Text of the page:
Very high percentages of distribution companies have some countermeasures such as guards, alarms and video surveillance. But these tools are ineffective, Brandman said. Guards have a limited impact, and alarms are also limited and studies have found they don’t operate correctly a high percentage of the time.

But video may in the end be the most overrated tool, Brandman said, because such systems generate hundreds of hours of video every week - and who had the time or resources to view all that? No one, Brandman says, and employees know that.

There are no easy answered, Brandman said. A detailed security audit is a good place to start, and these need to involve more than the simple checklists that are often used. The audits should include a true analysis of processes, Brandman said.

Companies should also employ unannounced audits, Brandman said, and the results should be included in the performance reviews of DC managers.

Brandman said it is critical to have some kind of hotline where employees can privately and anonymously report illegal activity. That anonymity is key to getting many employees to call about the theft. There are third-party service companies that can maintain such hot lines for a company, Brandman said, and having the service managed by an outside company might be viewed as less risky to employees, increasing the number of tips.

A company should position such hot lines and other communication activities as promoting a "safe and secure" workplace, Brandman noted.

Human surveillance, including embedding fake employees into a DC, can also be effective if a distributor suspects theft activity is on-going, Brandman added. But if a company takes that step, the number of managers "in the know" about the surveillance should be kept as small as possible to limit intentional and especially unintentional leaks of the program. But Brandman cautioned that such covert surveillance programs usually don’t produce results overnight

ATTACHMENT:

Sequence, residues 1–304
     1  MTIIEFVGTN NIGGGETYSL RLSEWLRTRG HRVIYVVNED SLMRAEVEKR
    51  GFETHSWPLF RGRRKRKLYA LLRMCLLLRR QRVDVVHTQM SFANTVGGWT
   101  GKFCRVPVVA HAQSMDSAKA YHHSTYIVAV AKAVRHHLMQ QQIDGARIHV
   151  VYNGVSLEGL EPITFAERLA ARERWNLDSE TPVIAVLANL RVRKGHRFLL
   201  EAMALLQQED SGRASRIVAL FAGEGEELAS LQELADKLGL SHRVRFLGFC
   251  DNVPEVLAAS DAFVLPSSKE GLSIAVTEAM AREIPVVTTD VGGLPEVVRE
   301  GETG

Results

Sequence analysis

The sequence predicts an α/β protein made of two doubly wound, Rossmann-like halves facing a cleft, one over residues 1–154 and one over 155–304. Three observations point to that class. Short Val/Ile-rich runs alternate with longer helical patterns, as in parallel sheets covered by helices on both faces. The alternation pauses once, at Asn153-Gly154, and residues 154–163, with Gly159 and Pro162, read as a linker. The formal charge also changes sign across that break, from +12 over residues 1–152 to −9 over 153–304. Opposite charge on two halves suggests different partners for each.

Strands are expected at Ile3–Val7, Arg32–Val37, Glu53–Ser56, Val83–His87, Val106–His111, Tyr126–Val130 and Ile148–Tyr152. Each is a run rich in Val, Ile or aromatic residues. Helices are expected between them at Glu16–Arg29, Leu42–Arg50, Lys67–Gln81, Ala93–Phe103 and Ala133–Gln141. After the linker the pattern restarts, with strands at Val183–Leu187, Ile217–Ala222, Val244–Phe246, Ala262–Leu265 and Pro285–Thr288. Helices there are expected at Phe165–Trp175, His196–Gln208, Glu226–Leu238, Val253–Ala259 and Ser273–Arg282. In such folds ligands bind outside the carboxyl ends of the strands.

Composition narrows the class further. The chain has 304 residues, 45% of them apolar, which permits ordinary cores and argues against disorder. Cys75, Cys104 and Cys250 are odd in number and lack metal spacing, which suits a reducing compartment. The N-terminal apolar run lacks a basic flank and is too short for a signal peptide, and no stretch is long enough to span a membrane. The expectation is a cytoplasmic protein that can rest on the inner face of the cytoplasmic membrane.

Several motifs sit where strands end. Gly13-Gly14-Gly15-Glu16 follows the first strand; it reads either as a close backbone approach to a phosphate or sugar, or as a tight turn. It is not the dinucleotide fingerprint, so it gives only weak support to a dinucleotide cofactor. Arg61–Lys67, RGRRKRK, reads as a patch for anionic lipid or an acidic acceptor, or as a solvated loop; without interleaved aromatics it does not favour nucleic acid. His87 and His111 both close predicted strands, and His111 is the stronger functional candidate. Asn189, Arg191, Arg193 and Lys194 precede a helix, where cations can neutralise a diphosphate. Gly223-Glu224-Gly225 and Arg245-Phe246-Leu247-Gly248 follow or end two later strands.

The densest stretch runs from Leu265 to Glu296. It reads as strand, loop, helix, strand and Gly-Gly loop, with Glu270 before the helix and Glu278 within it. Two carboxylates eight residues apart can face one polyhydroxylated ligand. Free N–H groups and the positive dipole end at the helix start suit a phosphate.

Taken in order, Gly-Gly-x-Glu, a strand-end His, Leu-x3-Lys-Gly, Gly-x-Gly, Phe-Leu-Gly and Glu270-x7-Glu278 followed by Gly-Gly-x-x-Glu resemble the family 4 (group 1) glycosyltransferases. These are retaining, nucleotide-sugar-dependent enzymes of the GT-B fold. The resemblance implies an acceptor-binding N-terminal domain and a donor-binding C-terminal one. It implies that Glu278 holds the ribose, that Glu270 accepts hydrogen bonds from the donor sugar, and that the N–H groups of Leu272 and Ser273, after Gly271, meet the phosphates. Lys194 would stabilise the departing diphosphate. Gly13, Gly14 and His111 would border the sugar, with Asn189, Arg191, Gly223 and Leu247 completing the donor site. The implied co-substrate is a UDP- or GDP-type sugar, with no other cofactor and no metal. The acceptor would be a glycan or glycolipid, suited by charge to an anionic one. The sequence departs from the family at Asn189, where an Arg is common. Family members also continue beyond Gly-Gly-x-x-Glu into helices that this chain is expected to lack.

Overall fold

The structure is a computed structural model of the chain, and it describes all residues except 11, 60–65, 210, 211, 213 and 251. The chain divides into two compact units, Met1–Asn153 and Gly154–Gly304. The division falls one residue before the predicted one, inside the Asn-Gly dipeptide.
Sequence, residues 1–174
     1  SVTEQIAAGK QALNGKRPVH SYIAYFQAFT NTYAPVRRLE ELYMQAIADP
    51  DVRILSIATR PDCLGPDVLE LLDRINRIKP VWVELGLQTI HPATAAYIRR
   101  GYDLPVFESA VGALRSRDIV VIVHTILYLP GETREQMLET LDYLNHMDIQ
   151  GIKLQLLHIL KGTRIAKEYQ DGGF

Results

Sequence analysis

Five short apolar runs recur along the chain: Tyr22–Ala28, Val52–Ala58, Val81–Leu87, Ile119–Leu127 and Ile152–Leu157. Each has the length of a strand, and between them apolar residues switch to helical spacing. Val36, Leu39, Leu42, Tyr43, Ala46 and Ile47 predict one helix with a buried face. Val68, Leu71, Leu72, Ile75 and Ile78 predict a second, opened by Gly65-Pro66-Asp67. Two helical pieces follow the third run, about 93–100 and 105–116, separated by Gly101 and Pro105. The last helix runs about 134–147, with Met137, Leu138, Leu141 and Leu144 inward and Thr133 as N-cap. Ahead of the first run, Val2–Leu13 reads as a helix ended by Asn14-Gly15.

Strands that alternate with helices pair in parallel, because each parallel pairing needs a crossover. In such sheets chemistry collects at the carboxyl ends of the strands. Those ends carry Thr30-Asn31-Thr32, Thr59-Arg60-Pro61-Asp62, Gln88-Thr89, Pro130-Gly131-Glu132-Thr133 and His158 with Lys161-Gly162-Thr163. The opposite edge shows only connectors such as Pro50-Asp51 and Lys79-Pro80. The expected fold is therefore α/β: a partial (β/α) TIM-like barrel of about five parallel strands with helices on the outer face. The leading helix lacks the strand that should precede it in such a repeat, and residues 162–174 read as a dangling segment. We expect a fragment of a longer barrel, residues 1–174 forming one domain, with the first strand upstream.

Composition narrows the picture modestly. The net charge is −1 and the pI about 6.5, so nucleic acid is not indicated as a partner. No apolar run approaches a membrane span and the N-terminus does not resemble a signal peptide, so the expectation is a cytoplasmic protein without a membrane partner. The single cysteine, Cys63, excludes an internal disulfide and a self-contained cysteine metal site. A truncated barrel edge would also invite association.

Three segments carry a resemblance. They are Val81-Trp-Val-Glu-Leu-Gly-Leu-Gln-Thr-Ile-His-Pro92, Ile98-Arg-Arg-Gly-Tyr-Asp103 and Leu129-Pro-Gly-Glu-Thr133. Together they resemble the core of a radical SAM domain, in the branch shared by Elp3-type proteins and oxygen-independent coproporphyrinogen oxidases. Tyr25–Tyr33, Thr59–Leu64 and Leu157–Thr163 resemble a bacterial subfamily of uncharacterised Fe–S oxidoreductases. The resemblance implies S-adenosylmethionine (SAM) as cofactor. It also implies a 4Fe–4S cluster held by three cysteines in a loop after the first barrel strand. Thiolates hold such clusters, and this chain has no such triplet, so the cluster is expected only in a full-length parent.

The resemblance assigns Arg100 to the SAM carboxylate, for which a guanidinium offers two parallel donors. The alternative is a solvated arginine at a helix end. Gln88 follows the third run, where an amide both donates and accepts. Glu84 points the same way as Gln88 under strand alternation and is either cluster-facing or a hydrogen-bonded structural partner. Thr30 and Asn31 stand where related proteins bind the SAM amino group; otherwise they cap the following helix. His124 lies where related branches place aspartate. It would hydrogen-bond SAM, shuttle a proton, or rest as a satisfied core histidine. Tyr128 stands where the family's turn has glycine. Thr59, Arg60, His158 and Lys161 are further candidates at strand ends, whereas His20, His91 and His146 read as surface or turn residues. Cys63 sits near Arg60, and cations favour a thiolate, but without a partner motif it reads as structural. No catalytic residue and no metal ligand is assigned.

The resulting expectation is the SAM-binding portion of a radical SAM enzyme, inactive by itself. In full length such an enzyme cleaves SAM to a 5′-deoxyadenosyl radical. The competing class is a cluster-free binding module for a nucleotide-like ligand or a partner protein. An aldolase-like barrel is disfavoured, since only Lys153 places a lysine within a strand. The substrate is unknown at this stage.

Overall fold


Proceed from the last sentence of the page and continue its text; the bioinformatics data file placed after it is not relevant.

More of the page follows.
"You need to have some patience," Brandman said.

Brandman concluded by noting that some companies seem to think DC theft is only an issue for high value items such as electronics and pharmaceuticals. But they are wrong.

"There is a market for everything," Brandman said, noting a case where low value industrial supplies were being systematically stolen.

Ecommerce sites have made it incredibly easy to sell merchandise of all types stolen from warehouse, Brandman noted.

What are your thoughts on preventing warehouse theft? Let us know your thoughts at the Feedback section below.

Soren Sorensen

Owner and CEO , SCM Logistics
Posted on: Feb, 23 2021
Be aware that there is one thing that thieves can't cheat on, and that is RFID (Radio frequency identity) tags.  They can be bought in many sizes and forms (and prices). Then it only takes controlling gates at all outgoing doors, which is also not so expensive, - like in a shop. Then  everything will be caught - even the items that the thieves have in their pockets. It's also a huge preventing tool. 

I know of a company in the Netherlands, that implemented RFID on all their products in a big central warehouse with the aim of controlling their logistics much better. 

However they experienced, that the stealing from the staff completely stopped instead. Then they could take care of their logistics afterward.   

Just an idea I have seen working  in practice.   



Follow Us

Supply Chain Digest news is available via RSS
RSS facebook twitter youtube
bloglines my yahoo
news gator


Subscribe to our insightful weekly newsletter. Get immediate access to premium contents. Its's easy and free
Enter your email below to subscribe:
Join the thousands of supply chain, logistics, technology and marketing professionals who rely on Supply Chain Digest for the best in insight, news, tools, opinion, education and solution.
Home | Subscribe | Advertise | Contact Us | Sitemap | Privacy Policy
© Supply Chain Digest 2006-2021 - All rights reserved